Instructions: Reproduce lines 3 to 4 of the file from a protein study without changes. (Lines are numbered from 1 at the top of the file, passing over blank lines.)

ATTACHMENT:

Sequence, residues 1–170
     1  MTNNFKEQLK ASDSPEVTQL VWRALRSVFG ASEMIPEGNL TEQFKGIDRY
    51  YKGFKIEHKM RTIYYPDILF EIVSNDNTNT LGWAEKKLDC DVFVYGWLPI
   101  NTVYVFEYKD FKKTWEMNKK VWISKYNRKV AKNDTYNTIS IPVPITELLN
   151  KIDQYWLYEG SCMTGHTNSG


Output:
    51  YKGFKIEHKM RTIYYPDILF EIVSNDNTNT LGWAEKKLDC DVFVYGWLPI
   101  NTVYVFEYKD FKKTWEMNKK VWISKYNRKV AKNDTYNTIS IPVPITELLN